Are government regulations, prohibitions and mandates the best policies for dealing with prostitution, illegal drugs and garbage? Should policy-makers consider the cost effectiveness of their actions, or should moral concerns outweigh economic considerations? What role, if any, should market forces play in addressing these issues? What is the relationship between individual freedom and social welfare? This course will explore diverse viewpoints on these questions from within the field of political economy. Different theoretical approaches will be applied to three case studies: the economics of the sex industry, the legalization of drugs, and public recycling programs. The course format will include lecture, videos, discussion and debates. Students will be evaluated based on short written assignments, class participation and a final exam. An American Studies Course.[VAL]

RELG 2430.01 Environment and Religion: Landscape, the Sacred and Nature (3 credits)
Instructor: Chris Parr
TR 1:30 pm -2:50 pm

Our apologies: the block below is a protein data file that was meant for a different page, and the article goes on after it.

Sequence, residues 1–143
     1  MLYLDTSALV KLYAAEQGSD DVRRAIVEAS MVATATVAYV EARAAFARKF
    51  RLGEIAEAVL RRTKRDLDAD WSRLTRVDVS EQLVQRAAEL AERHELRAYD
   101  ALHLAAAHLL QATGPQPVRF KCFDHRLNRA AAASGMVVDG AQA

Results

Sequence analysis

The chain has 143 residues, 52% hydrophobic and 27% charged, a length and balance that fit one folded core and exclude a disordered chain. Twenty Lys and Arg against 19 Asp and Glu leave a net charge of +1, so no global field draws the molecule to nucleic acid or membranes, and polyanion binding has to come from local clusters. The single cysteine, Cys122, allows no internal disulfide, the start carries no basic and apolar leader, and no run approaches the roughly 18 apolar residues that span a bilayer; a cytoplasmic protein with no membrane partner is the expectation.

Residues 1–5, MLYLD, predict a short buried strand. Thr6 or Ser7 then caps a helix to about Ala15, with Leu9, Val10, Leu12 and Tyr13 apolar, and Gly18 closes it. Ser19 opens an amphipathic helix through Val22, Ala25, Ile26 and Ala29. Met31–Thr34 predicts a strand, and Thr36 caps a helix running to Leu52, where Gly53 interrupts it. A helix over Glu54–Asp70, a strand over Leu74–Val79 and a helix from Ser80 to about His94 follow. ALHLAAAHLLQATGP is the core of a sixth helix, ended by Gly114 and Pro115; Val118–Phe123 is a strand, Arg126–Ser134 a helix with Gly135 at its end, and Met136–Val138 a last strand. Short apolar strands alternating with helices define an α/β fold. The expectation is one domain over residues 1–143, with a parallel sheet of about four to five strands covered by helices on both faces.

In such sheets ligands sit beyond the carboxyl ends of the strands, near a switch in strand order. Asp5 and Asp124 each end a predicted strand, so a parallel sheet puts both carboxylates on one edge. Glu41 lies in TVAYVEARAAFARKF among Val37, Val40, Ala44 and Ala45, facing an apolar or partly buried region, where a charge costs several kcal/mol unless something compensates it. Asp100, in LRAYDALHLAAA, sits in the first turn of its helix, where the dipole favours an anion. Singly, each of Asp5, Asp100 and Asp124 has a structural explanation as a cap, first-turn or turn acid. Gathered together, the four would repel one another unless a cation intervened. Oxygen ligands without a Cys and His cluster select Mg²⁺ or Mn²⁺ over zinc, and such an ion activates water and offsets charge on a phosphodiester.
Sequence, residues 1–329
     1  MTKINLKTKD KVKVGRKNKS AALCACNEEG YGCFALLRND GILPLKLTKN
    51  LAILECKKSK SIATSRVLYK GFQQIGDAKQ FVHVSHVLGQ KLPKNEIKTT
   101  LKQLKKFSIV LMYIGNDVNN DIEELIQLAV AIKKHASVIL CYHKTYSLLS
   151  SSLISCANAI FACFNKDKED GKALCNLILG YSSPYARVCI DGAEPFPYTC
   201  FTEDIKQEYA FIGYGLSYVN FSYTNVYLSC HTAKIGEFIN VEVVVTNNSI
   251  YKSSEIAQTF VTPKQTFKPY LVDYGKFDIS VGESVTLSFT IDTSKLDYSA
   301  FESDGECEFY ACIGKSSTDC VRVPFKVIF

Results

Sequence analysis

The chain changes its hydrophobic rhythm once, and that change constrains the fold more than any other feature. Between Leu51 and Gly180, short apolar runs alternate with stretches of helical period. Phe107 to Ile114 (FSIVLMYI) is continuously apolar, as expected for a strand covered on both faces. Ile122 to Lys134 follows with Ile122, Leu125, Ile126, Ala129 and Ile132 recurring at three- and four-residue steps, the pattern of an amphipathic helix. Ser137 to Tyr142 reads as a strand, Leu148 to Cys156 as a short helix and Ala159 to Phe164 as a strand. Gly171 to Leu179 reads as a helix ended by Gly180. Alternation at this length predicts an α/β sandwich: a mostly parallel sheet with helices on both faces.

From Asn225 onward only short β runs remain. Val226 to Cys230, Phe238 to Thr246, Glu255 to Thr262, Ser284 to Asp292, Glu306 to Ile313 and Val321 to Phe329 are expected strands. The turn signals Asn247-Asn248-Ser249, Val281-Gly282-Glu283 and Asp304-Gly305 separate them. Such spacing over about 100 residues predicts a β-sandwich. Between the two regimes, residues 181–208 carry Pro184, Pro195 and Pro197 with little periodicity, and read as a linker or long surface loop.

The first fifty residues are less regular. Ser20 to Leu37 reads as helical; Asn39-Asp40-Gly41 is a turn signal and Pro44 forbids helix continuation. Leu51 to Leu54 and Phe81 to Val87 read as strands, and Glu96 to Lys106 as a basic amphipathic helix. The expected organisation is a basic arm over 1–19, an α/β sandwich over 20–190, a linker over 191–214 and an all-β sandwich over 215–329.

Mt Fuji in Japan is revered as a deity; rivers in New Zealand may be home to a taniwha , a water-dragon spirit; and the Navajo, Hopi and Pueblo peoples all regard Mt Taylor in New Mexico as the sacred access point to the spirit worlds beneath the earth's surface. This course, which contributes also to the Environmental Studies program and minor, explores a variety of ways in which landscapes, landforms and special places have been regarded as Sacred.   We will consider what this interestingly-loaded concept means, why it applies (or doesn't), and what effects it has. We will look at some key examples from different religious cultures, primarily from North America, and also examples known to those in the class. Our primary texts will be Belden Lane's study of North American sacred places, Leslie Marmon Silko's novel Ceremony set in New Mexico, the Japanese poet Basho's travel journals, and some of contemporary poet and ecologist Gary Snyder's writings. As we contemplate how the designation of the 'sacred' affects the treatment of the environments involved, we will ask whether being 'sacred' protects the environment, and who decides ...